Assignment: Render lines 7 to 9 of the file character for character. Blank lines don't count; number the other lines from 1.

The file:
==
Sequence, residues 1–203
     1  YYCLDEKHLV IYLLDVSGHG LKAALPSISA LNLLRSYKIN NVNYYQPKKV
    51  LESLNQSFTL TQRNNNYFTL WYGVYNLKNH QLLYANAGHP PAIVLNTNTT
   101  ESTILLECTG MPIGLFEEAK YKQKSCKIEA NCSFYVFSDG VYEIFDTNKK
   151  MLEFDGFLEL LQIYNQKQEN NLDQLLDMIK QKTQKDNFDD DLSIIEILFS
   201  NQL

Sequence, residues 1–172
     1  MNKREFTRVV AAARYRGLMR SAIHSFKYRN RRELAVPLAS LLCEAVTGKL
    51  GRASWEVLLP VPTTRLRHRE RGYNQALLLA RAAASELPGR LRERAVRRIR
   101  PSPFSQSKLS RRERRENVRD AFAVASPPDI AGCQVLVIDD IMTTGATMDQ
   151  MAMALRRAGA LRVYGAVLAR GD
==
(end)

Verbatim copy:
Sequence, residues 1–172
     1  MNKREFTRVV AAARYRGLMR SAIHSFKYRN RRELAVPLAS LLCEAVTGKL
    51  GRASWEVLLP VPTTRLRHRE RGYNQALLLA RAAASELPGR LRERAVRRIR